Benchtop NMR Relaxometry in Clinical Diagnostics: Whole Human Blood




Deodhar, Sneha
Patel, Vipulkumar
Mishra, Ina
Cistola, David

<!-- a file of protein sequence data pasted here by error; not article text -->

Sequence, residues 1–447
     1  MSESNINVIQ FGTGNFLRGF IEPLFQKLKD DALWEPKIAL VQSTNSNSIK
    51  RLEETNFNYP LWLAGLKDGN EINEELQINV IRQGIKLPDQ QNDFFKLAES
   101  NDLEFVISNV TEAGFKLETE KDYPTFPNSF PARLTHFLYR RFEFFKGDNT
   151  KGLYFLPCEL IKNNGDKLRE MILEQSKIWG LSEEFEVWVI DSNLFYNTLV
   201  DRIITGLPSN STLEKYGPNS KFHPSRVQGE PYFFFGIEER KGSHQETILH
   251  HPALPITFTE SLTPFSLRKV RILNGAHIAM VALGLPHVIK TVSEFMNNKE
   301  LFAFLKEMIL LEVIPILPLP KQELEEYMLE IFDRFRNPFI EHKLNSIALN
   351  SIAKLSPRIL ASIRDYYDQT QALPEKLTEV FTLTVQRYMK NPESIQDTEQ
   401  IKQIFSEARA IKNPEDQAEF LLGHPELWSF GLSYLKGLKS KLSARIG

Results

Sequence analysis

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Purpose: Benchtop NMR relaxometry is a promising technology for metabolic heath screening and assessment. Unlike spectrometry and imaging, NMR relaxometry uses compact and inexpensive devices, making it practical for clinical laboratories and point-of-care settings. In previous work, we reported that the water transverse relaxation time (T2) of human blood plasma is a sensitive and specific marker for early insulin resistance syndrome. Here, we investigated whether whole human blood could be analyzed directly, thus avoiding the centrifugation step and saving time and expense. During sample equilibration, anticoagulated whole blood sediments spontaneously inside the NMR tube, creating a cell pellet and a plasma supernatant. We exploited this phenomenon and designed experiments to measure the T2 values of the pellet and supernatant simultaneously. The goal of this study was to quantify the association of whole blood T2 values with over 200 established blood biomarkers in order to assess information content of the T2 data. Methods: We recruited 45 asymptomatic, non-diabetic human volunteers through an IRB-approved protocol. Blood samples were collected after an overnight fast, and NMR relaxation times were measured using a Bruker Minispec mq20 and a modified Carr-Purcell-Meiboom-Gill pulse scheme. The exponential decay curves were analyzed using a discrete inverse Laplace transform algorithm, as implemented in XpFIT (Alango, Ltd.), to extract T2 values. In addition, diagnostic testing was performed on each blood sample, mostly by Quest Diagnostics, Inc. and Atherotech, Inc. Results: The settled blood gives two distinct T2 values corresponding to supernatant (T2S) and cell pellet (T2P). Surprisingly, supernatant T2S correlates with red blood cell and hemoglobin markers, even though it lacks both red blood cell and hemoglobin after sedimentation. Therefore, we hypothesized that the paramagnetic deoxyhemoglobin from the cell pellet exerts a long-range influence on the plasma supernatant. This hypothesis was tested by a simulated hematocrit experiment that varied the height of the blood cell pellet, and a gadolinium experiment that altered the relaxation of samples that were physically separated. The cell pellet T2P correlates with insulin and lipid biomarkers from the blood. Conclusions: The results demonstrate that whole blood T2 values report on insulin resistance status, as well as hematocrit and hemoglobin levels.